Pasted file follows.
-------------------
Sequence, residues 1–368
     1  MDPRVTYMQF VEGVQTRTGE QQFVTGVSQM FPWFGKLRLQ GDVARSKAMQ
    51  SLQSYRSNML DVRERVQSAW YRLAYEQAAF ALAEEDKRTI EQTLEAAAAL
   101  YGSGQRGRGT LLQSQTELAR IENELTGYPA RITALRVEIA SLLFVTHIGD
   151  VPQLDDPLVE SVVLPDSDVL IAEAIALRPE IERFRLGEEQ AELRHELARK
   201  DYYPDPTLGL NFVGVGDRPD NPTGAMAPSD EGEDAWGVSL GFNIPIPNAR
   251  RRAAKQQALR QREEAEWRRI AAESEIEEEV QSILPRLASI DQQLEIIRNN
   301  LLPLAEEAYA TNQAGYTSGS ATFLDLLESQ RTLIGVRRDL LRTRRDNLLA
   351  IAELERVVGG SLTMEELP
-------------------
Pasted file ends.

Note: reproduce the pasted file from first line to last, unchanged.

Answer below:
Sequence, residues 1–368
     1  MDPRVTYMQF VEGVQTRTGE QQFVTGVSQM FPWFGKLRLQ GDVARSKAMQ
    51  SLQSYRSNML DVRERVQSAW YRLAYEQAAF ALAEEDKRTI EQTLEAAAAL
   101  YGSGQRGRGT LLQSQTELAR IENELTGYPA RITALRVEIA SLLFVTHIGD
   151  VPQLDDPLVE SVVLPDSDVL IAEAIALRPE IERFRLGEEQ AELRHELARK
   201  DYYPDPTLGL NFVGVGDRPD NPTGAMAPSD EGEDAWGVSL GFNIPIPNAR
   251  RRAAKQQALR QREEAEWRRI AAESEIEEEV QSILPRLASI DQQLEIIRNN
   301  LLPLAEEAYA TNQAGYTSGS ATFLDLLESQ RTLIGVRRDL LRTRRDNLLA
   351  IAELERVVGG SLTMEELP